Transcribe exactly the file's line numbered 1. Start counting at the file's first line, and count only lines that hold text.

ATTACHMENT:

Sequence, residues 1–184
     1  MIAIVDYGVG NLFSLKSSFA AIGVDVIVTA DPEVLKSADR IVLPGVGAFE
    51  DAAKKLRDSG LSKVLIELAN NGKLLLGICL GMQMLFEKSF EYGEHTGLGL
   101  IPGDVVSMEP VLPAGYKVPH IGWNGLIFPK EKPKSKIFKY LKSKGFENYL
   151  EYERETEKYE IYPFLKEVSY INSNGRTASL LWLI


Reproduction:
Sequence, residues 1–184